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Jim Moret Headshot

Captain America Could Strike a Budget Deal

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Captain Steve Rogers, best known as Captain America, is a superhero. His ideology is simple. It is not influenced by politics nor an allegiance based on lines on a map. He is driven by the principles of right over wrong. When a young, scrawny Rogers was asked by a doctor at an Army recruiting station, during the height of WWII, if he wanted to join the service so he could "kill Nazis," his response was direct: "I just don't like bullies." Even when he is given superhuman strength, the Captain's main weapon is not a gun, but a shield, as he consistently sees his duty as one of protection.

I wish we had such a champion in America right now, when we clearly need one. His charge might seem worlds away from the European battlefronts portrayed in the film, leading Allied troops against Hitler's forces. But the task here and now is no less serious on the economic front, with potentially devastating consequences to America if no agreement is reached in time to raise the debt ceiling. A critical scene in the movie shows a series of timers, counting down to the eventual self-destruction of an enemy munitions base. The situation for us is no less dire.

A 1979 GAO report, cited in a recent Congressional Research Service report, stated:

It is difficult to perceive all the adverse effects that a government default for even a short time would have on the economy and the public welfare. It is generally recognized that a default would preclude the government from honoring all of its obligations to pay for such things as employees' salaries and wages; social security benefits, civil service retirement, and other benefits from trust funds; contractual services and supplies, and maturing securities.... At a minimum, however, the government could be subject to additional claims for interest on unredeemed matured debt and to claims for damages resulting from failure to make payments. But even beyond that, the full faith and credit of the U.S. government would be threatened. Domestic money markets, in which government securities play a major role, could be affected substantially.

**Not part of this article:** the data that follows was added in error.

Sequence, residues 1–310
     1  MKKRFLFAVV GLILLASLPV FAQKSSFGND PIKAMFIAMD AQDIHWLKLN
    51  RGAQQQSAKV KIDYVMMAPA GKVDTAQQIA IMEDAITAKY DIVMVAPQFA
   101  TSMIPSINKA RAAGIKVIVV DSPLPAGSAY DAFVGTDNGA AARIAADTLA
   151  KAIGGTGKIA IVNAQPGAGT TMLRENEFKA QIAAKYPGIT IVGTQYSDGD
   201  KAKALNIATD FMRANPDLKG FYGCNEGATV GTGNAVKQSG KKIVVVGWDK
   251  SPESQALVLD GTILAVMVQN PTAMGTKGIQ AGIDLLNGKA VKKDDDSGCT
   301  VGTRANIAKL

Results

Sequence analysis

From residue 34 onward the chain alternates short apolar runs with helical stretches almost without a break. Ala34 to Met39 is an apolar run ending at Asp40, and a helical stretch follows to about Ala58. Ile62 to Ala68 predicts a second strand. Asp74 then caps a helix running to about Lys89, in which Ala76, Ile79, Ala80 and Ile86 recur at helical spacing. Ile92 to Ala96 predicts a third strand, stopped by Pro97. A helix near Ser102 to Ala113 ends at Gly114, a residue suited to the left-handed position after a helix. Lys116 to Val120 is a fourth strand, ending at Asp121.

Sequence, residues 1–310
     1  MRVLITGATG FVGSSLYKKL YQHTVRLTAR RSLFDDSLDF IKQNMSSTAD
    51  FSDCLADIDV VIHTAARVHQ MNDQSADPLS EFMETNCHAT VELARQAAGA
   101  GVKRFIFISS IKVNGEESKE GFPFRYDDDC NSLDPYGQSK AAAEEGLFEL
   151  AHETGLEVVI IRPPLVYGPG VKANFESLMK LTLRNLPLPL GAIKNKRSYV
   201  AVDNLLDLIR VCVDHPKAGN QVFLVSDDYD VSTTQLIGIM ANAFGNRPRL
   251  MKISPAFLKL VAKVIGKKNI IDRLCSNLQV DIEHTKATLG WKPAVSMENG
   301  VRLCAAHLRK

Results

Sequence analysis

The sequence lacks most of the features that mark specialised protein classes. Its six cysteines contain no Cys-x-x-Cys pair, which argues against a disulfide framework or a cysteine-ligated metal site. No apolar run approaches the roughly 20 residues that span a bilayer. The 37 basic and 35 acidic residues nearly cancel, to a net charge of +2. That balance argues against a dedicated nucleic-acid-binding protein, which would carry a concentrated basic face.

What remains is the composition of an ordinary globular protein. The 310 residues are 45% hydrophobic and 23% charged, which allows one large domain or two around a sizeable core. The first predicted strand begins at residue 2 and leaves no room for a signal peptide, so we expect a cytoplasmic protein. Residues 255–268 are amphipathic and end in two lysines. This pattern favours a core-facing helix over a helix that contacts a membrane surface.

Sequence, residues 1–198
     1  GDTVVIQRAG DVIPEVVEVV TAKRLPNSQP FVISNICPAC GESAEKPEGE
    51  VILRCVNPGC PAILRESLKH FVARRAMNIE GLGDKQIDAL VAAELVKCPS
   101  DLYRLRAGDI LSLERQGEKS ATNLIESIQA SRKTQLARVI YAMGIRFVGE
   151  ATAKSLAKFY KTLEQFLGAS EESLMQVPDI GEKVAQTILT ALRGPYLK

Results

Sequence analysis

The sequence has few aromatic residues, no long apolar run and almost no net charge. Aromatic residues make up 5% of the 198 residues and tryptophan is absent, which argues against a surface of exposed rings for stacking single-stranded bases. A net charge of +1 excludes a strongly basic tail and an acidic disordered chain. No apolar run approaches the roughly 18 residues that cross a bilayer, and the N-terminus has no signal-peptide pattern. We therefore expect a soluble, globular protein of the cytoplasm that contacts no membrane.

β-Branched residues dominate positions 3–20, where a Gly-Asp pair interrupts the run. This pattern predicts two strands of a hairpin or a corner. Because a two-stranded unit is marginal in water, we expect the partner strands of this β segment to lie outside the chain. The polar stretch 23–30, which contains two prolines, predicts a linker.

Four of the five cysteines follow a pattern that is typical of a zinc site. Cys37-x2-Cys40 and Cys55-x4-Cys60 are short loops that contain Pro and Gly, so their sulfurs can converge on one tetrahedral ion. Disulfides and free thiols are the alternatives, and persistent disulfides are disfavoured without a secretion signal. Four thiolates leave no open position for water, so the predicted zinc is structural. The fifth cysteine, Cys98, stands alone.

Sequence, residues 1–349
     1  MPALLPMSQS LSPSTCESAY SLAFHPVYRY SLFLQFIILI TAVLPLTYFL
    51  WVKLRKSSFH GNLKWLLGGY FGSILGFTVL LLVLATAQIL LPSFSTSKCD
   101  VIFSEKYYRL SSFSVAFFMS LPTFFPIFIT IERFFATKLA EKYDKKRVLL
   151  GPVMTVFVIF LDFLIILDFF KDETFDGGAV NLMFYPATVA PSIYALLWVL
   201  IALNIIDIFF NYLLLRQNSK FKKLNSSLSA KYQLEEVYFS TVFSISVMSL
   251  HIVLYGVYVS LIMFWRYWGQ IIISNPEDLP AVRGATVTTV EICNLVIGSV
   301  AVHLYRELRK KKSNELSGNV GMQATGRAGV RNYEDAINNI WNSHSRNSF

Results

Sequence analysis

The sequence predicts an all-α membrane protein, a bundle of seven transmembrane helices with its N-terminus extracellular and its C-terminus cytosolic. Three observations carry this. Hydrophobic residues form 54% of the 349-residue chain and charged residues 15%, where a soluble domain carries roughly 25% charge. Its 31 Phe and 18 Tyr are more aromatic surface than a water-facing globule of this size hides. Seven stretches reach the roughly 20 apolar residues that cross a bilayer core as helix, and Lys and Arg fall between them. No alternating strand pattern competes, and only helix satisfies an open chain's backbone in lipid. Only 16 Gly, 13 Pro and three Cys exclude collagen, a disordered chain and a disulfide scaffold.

Precious days and minutes are being wasted as Congress and the President remain at an impasse over raising the debt limit. That decision has been made time and again by various administrations. According to the Congressional Research Service, the limit has been raised 74 times since 1962 and 10 of those times have been since 2001. Raising the limit has now been tied to lines in the sand drawn by both sides of the aisle. Where has that political brinksmanship gotten us? Both S&P and Moody's have already threatened to downgrade the credit rating of the United States. Overseas markets and Wall Street alike are becoming increasingly nervous that an agreement may not be reached after all. Economists have warned of dire financial and political consequences but even that has not been enough to avoid an 11th hour showdown.

The millions of Americans who have been struggling to find work, keep their homes and support their families, and the millions more who are for the first time in a generation worried about their financial futures and those of their children, are looking for a real hero to save them. To the president and members of Congress, I ask a simple question: "What would Steve Rogers do?" He was once a "little guy" who became a larger than life hero, but who never forgot his roots. He respected his new-found strength and responsibility and used his power to fight to protect others, even if that meant sacrificing himself. Captain America may be based on a comic book, but our elected leaders could learn a lot from him about honor, service and doing the right thing.

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